In brief - PTSD found to be a form of compensable bodily injury
In Casey v Pel-Air Aviation, the plaintiff's post-traumatic stress disorder following an aircraft accident was found to be compensable under the Civil Aviation (Carriers' Liability) Act.
Careflight doctor and nurse sue operator of medical evacuation charter flight
On 15 May 2015 Justice Schmidt gave judgment in the Supreme Court of NSW in the matters of Casey v Pel-Air Aviation Pty Ltd and Helm v Pel-Air Aviation Pty Ltd  NSWSC 566. The decision has aroused significant interest from aviation insurers.
The matters concerned claims made by a doctor (Dr Helm) and a nurse (Ms Casey), who were employed by CareFlight (NSW) Ltd, against Pel-Air Aviation Pty Ltd, they being passengers aboard a medical evacuation charter flight operated by Pel-Air from Samoa to Norfolk Island, which ditched off the coast of Norfolk Island in heavy weather.
Passengers survive ocean crash during flight from Samoa to Norfolk Island
The facts giving rise to the claim, which we shall set out here only briefly, are undoubtedly harrowing. The ill-fated flight had been arranged to airlift a seriously ill passenger from Samoa to Norfolk Island for the purpose of obtaining urgent medical treatment for her in Australia.
The flight took off from Samoa without incident, but on the approach to the Norfolk Island airstrip, it became apparent that the weather conditions had deteriorated to such an extent as to make it very difficult to land. Four attempts were made to land the aircraft during the stormy weather, but in the end result the aircraft, being low on fuel, was forced to ditch in the ocean, in the darkness.
Somewhat miraculously, the aircraft's occupants survived the impact and were ultimately rescued by a fishing boat after spending some 90 minutes in the water off the coast of Norfolk Island. The plaintiffs, Dr Helm and Ms Casey (as well as the other occupants) suffered various injuries as a result of the crash, which were the subject of the proceedings in the Supreme Court of NSW.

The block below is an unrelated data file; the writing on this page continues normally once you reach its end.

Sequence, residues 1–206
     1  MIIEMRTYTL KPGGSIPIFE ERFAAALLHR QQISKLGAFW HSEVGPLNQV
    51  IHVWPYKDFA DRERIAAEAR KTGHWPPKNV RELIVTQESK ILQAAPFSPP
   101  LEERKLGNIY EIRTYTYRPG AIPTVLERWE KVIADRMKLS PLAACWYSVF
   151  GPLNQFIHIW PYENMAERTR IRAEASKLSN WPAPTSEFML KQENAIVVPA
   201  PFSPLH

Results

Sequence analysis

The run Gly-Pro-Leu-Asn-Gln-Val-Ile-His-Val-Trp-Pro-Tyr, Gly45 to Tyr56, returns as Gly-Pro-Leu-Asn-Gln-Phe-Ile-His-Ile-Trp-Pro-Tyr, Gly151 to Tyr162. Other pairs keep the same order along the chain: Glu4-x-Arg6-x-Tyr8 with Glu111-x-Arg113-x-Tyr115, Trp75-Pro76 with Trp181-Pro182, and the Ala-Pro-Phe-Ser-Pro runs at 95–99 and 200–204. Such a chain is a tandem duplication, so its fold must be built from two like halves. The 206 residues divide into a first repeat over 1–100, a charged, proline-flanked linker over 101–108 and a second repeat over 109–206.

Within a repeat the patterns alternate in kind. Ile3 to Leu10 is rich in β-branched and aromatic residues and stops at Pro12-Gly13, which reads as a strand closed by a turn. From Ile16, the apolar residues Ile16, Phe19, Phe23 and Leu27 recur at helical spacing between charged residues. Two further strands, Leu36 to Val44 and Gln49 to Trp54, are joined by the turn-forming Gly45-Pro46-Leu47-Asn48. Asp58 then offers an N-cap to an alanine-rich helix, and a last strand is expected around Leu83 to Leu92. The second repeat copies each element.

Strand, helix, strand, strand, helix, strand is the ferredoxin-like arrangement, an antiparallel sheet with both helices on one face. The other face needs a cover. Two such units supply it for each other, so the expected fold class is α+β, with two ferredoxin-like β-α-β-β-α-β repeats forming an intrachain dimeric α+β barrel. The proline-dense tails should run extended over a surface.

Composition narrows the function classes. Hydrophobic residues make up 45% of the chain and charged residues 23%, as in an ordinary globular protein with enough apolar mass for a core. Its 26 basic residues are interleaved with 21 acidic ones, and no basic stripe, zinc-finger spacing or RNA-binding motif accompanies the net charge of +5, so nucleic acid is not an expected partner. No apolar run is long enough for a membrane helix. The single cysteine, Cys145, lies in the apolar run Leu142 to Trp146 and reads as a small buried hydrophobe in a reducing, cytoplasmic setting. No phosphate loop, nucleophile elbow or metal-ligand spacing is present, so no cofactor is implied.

Which forms of psychiatric harm were compensable?
It was not in dispute that the crash had been caused by the negligence of the pilot and co-pilot of the aircraft (for which Pel-Air had vicarious liability). Nor was it in dispute that the Dr Helm and Ms Casey had suffered injuries as a result of the crash. It was also not in issue that the claims were governed by the Civil Aviation (Carriers' Liability) Act 1959 (Cth) ("the Carriers' Liability Act"), which implements, subject to some modification, the provisions of the 1999 Montreal Convention for the Unification of Certain Rules for International Carriage by Air ("the Convention").
What was in dispute, however, was which injuries (and specifically which of those psychiatric injuries suffered by Ms Casey, the nurse) were compensable pursuant to the Carriers' Liability Act. (In Dr Helm's case the basis of assessment in respect of the damages claimed by him was less controversial to those claimed by Ms Casey).
Application of the Carriers' Liability Act and the Convention
The Carriers' Liability Act provides as follows:
9B The 1999 Montreal Convention to have force of law
Subject to this Part, the 1999 Montreal Convention has the force of law in Australia in relation to any carriage by air to which the 1999 Montreal Convention applies, irrespective of the nationality of the aircraft performing that carriage.
9E Liability in respect of injury
Subject to section 9F, the liability of a carrier under the Convention, in respect of personal injury suffered by a passenger that has not resulted in the death of the passenger, is in substitution for any civil liability of the carrier under any other law in respect of the injury.
Consequently, Article 17 of the Convention, set out below, imposes liability upon a carrier for "bodily injury" in substitution for the civil liability which the carrier would otherwise, but for section 9B and 9E have, to the passenger:
The carrier is liable for damage sustained in the event of the death or wounding of a passenger or any other bodily injury suffered by a passenger, if the accident which caused the damage so sustained took place on board the aircraft or in the course of any of the operations of embarking or disembarking. (Emphasis added)
Plaintiffs' right to compensation confined to bodily injury
Ms Casey was found to have suffered or to have developed a number of physical injuries and various psychiatric injuries. Pel-Air conceded that a number of psychiatric injuries suffered by Ms Casey (including a major depressive disorder, a pain disorder and an anxiety disorder) were all compensable under the Carriers' Liability Act.